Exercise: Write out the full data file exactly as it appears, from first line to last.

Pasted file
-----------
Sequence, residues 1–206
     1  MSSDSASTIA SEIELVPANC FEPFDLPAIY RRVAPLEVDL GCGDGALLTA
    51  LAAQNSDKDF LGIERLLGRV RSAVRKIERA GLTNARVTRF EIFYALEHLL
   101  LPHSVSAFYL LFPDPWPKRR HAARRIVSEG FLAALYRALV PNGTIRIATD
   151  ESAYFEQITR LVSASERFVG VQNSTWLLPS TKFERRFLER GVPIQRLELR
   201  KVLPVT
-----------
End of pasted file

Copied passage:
Sequence, residues 1–206
     1  MSSDSASTIA SEIELVPANC FEPFDLPAIY RRVAPLEVDL GCGDGALLTA
    51  LAAQNSDKDF LGIERLLGRV RSAVRKIERA GLTNARVTRF EIFYALEHLL
   101  LPHSVSAFYL LFPDPWPKRR HAARRIVSEG FLAALYRALV PNGTIRIATD
   151  ESAYFEQITR LVSASERFVG VQNSTWLLPS TKFERRFLER GVPIQRLELR
   201  KVLPVT